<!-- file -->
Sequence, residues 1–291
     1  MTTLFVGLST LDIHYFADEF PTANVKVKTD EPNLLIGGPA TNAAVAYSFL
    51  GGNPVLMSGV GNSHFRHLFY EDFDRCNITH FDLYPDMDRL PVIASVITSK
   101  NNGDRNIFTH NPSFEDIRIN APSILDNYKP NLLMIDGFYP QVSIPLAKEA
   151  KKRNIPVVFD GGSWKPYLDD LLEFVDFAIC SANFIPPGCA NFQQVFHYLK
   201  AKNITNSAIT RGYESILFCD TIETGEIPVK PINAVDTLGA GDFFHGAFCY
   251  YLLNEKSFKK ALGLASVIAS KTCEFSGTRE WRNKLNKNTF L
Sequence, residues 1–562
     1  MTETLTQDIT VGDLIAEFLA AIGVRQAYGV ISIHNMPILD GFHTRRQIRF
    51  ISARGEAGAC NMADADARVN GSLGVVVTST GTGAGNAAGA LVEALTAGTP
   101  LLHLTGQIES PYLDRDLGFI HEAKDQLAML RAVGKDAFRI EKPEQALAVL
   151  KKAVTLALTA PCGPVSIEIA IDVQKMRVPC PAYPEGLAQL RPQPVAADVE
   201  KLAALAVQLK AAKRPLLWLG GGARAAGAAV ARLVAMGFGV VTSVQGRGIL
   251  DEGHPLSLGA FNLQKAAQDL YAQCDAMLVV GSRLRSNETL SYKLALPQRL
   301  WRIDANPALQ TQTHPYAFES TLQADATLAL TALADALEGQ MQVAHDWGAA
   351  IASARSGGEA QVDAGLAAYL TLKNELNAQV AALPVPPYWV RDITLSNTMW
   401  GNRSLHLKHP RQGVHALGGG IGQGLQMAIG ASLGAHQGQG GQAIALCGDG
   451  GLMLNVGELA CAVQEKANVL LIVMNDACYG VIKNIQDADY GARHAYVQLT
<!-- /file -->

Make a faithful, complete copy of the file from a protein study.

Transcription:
Sequence, residues 1–291
     1  MTTLFVGLST LDIHYFADEF PTANVKVKTD EPNLLIGGPA TNAAVAYSFL
    51  GGNPVLMSGV GNSHFRHLFY EDFDRCNITH FDLYPDMDRL PVIASVITSK
   101  NNGDRNIFTH NPSFEDIRIN APSILDNYKP NLLMIDGFYP QVSIPLAKEA
   151  KKRNIPVVFD GGSWKPYLDD LLEFVDFAIC SANFIPPGCA NFQQVFHYLK
   201  AKNITNSAIT RGYESILFCD TIETGEIPVK PINAVDTLGA GDFFHGAFCY
   251  YLLNEKSFKK ALGLASVIAS KTCEFSGTRE WRNKLNKNTF L
Sequence, residues 1–562
     1  MTETLTQDIT VGDLIAEFLA AIGVRQAYGV ISIHNMPILD GFHTRRQIRF
    51  ISARGEAGAC NMADADARVN GSLGVVVTST GTGAGNAAGA LVEALTAGTP
   101  LLHLTGQIES PYLDRDLGFI HEAKDQLAML RAVGKDAFRI EKPEQALAVL
   151  KKAVTLALTA PCGPVSIEIA IDVQKMRVPC PAYPEGLAQL RPQPVAADVE
   201  KLAALAVQLK AAKRPLLWLG GGARAAGAAV ARLVAMGFGV VTSVQGRGIL
   251  DEGHPLSLGA FNLQKAAQDL YAQCDAMLVV GSRLRSNETL SYKLALPQRL
   301  WRIDANPALQ TQTHPYAFES TLQADATLAL TALADALEGQ MQVAHDWGAA
   351  IASARSGGEA QVDAGLAAYL TLKNELNAQV AALPVPPYWV RDITLSNTMW
   401  GNRSLHLKHP RQGVHALGGG IGQGLQMAIG ASLGAHQGQG GQAIALCGDG
   451  GLMLNVGELA CAVQEKANVL LIVMNDACYG VIKNIQDADY GARHAYVQLT